Substitutions in the Construction Industry: A Panel Discussion, on January 13

Next week I’ll be moderating a panel discussion on substitutions in the construction industry at the monthly meeting of the Denver Chapter of the Construction Specifications Institute (CSI).

Panelists will include an owner’s rep, a general contractor, a subcontractor, an architecture firm’s construction contract administrator, and a specifier. It should be a lively discussion.

All are welcome! If you’re in the Denver metro area, I encourage you to come. You must register in advance, by Friday at noon. The meeting is on Tuesday, January 13, at the Lakewood Country Club from 11:30 am to 1 pm. Lunch is included. For non-members, the cost is $20. For more information, and to register, go to the Denver CSI website.

I’ve written about substitutions in our industry before, here, here, and here, but only from my point of view – that of an architect and specifier. This panel should have various points of view on the issue… and that should be helpful to all of us, as we strive to do our work better.

5 thoughts on “Substitutions in the Construction Industry: A Panel Discussion, on January 13

  1. This subject reminds me of articles about masonry; both have been with us for a very long time, yet both are a source of apparently eternal discussion. I can’t count the number of articles that show the result of too few or missing joints, misplaced joints, use of the wrong mortar, missing or incorrect flashing, and so on. And I can say much the same thing about substitutions.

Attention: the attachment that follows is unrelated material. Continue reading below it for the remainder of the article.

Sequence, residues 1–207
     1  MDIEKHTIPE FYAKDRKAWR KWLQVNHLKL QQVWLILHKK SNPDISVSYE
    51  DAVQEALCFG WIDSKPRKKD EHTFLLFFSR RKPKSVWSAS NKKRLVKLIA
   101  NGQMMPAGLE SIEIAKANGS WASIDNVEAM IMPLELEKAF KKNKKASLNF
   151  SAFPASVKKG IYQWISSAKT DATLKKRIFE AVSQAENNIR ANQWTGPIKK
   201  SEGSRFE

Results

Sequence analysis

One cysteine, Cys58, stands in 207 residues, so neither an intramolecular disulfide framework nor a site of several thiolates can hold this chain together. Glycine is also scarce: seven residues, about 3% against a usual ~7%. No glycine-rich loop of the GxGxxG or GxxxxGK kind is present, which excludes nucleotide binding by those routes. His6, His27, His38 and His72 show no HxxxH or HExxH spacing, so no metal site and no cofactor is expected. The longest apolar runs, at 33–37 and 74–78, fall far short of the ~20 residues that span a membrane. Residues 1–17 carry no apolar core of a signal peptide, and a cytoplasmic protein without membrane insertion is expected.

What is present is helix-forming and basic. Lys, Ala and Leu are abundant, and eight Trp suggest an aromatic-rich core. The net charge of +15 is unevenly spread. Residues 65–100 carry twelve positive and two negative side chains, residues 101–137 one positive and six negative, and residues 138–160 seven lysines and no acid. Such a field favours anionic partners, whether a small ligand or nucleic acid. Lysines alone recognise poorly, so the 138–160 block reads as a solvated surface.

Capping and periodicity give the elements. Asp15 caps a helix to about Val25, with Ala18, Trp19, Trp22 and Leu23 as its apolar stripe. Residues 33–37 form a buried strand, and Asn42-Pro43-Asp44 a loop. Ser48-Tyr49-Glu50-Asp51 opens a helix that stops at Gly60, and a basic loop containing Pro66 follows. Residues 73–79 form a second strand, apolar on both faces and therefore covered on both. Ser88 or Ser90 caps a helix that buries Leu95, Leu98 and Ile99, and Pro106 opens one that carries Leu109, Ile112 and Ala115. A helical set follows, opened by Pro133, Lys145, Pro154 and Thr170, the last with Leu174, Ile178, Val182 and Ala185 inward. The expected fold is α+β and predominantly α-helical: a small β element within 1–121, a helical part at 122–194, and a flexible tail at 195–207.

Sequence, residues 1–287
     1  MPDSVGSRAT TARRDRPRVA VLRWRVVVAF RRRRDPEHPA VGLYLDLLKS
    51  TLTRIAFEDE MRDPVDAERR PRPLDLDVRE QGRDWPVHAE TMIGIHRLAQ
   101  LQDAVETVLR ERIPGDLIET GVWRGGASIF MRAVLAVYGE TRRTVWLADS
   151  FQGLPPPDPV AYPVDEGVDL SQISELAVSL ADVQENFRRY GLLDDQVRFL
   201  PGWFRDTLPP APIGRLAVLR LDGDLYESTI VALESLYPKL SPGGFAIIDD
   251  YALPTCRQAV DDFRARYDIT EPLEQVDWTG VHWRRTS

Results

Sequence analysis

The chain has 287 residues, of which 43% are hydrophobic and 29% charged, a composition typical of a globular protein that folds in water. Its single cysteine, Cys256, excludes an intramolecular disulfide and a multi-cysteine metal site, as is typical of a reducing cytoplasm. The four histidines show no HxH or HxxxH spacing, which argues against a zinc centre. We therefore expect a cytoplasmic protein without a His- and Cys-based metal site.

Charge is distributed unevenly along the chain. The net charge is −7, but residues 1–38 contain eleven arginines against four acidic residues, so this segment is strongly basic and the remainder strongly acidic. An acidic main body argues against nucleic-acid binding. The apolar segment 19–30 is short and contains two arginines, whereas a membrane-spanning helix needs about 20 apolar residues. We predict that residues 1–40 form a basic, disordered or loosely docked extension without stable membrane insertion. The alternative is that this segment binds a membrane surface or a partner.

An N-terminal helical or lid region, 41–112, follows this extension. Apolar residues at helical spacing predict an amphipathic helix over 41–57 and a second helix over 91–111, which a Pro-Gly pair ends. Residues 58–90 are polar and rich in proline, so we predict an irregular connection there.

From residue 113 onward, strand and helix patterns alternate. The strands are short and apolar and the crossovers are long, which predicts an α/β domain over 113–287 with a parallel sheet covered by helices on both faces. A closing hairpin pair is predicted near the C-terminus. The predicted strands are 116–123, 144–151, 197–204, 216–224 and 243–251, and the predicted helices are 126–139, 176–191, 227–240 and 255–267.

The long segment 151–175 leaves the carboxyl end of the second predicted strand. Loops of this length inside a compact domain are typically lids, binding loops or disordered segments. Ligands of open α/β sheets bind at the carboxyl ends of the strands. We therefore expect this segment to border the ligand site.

One of the first chapter meetings I attended, almost thirty years ago, included a presentation about “or equals” (a term I loathe), and I’ve seen the same subject at chapter, region, and Institute programs, along with an endless stream of articles in magazines, newsletters, and blogs.

    I realize we always have new people who need to know these things, but doesn’t it seem that we should have exhausted both of these subjects by now? Obviously not; as David said, this is always a hot topic. I’m sure you’ll have an interesting discussion; please summarize the comments in a future column.

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